Driven by increase in prices of food and manufactured goods, inflation soared to 8.98 per cent in March raising fears of yet another hike in key policy rates by the Reserve Bank next month.Headline inflation, measured by movement in wholesale prices, at near 9 per cent in March was much above the RBI”s projection of 8 per cent. As a result, experts feel the central bank may take further steps to tame rate of price rise at its annual policy to be announced on May 3.
As per the official data, food articles group became expensive by 9.47 per cent, cereals by 3.96 per cent and, rice and wheat by 2.69 per cent and 0.75 per cent, respectively.
The manufactured goods group index rose by 6.21 per cent on an annual basis. Manufactured items have the highest weight of 64.9 per cent in the WPI.
Despite the eight consecutive hikes in key policy rates by the RBI since March 2010, inflation has continued to remain significantly above the comfort level of 5-6 per cent.
“Inflation has been a concern. It has not come under control as much as I had hoped. There is a need to use fiscal and monetary policy to get rid of supply constraints wherever they exist,” Planning Commission Deputy Chairman Montek SIngh Ahluwalia said.
Further, the inflation for January was revised upwards to 9.35 per cent, from the provisional estimates of 8.23 per cent. This also points to a greater possibility that the March end numbers could be revised upwards.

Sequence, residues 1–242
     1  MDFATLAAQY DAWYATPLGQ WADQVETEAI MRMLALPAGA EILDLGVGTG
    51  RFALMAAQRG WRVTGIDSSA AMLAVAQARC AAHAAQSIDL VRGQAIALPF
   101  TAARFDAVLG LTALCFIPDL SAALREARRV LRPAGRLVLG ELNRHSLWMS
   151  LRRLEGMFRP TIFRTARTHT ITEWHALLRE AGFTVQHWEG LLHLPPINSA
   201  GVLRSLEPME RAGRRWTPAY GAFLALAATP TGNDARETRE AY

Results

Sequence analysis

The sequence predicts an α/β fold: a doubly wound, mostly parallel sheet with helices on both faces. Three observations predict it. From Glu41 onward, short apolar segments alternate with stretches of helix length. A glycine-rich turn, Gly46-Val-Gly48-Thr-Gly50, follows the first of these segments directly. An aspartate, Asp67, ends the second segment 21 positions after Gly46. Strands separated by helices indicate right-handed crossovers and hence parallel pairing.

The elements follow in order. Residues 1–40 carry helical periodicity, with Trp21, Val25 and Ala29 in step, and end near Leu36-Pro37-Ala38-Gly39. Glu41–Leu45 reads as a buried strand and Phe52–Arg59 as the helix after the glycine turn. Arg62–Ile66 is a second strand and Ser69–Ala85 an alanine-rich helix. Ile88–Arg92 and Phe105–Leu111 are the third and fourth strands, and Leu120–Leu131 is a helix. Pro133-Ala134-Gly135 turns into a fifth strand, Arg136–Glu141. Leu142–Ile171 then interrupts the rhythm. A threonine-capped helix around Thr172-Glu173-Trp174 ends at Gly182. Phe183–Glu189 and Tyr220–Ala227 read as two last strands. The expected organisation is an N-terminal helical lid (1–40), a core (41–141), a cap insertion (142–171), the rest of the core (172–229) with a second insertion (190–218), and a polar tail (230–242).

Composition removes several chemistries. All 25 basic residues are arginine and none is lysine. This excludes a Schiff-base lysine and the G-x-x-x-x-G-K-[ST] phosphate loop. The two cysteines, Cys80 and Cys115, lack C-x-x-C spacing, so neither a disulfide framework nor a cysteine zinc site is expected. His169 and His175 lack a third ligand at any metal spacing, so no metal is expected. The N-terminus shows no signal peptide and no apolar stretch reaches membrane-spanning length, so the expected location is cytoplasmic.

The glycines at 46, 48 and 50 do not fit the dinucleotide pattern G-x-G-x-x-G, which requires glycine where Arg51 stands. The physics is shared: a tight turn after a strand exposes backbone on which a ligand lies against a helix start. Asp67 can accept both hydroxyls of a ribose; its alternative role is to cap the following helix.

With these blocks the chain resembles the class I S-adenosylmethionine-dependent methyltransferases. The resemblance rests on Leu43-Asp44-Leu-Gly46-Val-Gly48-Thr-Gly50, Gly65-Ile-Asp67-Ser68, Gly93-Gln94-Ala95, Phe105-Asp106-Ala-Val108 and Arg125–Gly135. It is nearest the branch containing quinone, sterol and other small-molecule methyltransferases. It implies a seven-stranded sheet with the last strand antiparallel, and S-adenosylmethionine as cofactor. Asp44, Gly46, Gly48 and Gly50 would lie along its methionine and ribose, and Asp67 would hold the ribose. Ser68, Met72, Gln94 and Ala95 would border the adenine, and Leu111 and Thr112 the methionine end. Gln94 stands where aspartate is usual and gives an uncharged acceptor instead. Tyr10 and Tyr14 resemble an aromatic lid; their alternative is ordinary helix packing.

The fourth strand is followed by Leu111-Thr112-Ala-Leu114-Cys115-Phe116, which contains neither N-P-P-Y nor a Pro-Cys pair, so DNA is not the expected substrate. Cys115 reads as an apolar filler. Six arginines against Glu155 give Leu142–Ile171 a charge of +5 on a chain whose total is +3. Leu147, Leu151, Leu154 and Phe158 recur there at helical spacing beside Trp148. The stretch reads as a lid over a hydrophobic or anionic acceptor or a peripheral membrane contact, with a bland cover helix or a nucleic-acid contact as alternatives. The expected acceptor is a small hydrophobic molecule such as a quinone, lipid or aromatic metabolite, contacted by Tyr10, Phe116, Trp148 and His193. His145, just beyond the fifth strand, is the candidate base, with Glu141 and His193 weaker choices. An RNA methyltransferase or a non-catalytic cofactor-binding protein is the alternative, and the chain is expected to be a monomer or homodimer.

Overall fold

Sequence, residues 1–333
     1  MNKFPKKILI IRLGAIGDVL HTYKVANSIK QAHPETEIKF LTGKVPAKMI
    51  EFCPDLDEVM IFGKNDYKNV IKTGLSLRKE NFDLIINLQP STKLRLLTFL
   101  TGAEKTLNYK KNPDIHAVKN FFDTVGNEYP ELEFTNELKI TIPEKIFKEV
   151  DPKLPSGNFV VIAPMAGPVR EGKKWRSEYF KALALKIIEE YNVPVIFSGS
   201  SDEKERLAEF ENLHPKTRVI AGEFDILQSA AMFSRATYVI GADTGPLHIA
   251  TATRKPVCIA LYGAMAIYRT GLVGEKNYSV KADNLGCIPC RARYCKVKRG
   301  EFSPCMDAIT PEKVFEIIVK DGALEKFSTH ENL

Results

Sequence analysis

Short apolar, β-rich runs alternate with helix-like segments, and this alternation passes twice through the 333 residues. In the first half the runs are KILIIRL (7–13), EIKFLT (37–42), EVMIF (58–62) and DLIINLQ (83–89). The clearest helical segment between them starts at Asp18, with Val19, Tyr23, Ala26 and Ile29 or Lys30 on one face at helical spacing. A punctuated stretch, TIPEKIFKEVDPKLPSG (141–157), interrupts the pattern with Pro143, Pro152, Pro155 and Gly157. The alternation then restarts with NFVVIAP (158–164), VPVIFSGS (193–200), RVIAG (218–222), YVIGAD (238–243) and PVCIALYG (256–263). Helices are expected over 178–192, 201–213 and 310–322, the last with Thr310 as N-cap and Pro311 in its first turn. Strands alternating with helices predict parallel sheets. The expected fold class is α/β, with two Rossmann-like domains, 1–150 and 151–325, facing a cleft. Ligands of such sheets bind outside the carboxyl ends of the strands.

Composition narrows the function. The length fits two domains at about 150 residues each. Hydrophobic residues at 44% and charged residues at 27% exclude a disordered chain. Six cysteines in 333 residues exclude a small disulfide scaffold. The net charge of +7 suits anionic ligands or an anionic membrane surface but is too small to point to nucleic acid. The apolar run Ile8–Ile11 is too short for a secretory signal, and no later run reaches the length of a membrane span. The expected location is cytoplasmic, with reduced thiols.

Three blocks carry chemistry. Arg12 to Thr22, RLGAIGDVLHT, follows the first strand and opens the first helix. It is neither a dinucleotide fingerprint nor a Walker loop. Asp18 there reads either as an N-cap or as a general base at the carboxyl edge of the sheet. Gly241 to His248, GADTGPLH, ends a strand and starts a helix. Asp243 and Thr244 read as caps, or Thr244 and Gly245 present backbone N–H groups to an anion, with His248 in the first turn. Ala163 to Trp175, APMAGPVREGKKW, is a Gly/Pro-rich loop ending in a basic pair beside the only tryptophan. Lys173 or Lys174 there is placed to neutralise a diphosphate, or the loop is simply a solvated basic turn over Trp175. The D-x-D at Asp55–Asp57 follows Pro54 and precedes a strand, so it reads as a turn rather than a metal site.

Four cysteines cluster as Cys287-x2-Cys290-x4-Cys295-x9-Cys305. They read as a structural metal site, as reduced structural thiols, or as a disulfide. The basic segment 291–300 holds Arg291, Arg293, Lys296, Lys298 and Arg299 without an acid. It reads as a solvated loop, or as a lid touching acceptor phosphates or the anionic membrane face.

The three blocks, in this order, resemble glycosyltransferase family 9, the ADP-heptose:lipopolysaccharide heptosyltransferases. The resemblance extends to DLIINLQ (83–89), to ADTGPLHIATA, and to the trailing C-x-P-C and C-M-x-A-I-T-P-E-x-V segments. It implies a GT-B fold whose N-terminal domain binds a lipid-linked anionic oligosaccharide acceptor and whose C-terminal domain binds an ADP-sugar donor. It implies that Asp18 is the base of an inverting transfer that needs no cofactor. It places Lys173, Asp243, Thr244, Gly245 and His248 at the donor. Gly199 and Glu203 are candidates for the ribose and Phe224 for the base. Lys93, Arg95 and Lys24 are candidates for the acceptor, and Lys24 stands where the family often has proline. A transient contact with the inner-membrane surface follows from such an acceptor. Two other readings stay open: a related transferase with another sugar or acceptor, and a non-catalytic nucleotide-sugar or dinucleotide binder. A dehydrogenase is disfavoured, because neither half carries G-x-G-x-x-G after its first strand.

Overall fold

As per the official data released here today, prices of primary articles — food, non-food articles and minerals — shot up by 12.96 per cent on an annual basis.
“We expect that the RBI would increase the repo and reverse repo rates by 25 basis points in the upcoming policy review despite the recent sluggishness in IIP growth,” ICRA Economist Aditi Nayar said. IIP growth in February slowed to 3.6 per cent, from 15.1 per cent in the year-ago period.
Experts said inflation focus is now shifting from food to manufactured items. They feel that even as food inflation is coming down, the headline inflation is going to stay high for some time.
“From a policy perspective, non-food inflation is very critical and it is rising. Looks like inflation will remain high this year,” Crisil Chief Economist D K Joshi said.
He said there could be further rise in inflation if the impact of rise in global crude oil prices is passed on to consumers.
The global Brent crude is currently hovering around USD 110 a barrel on account of unrest in Middle East, though there has been no hike in domestic petrol or diesel prices in the month of March.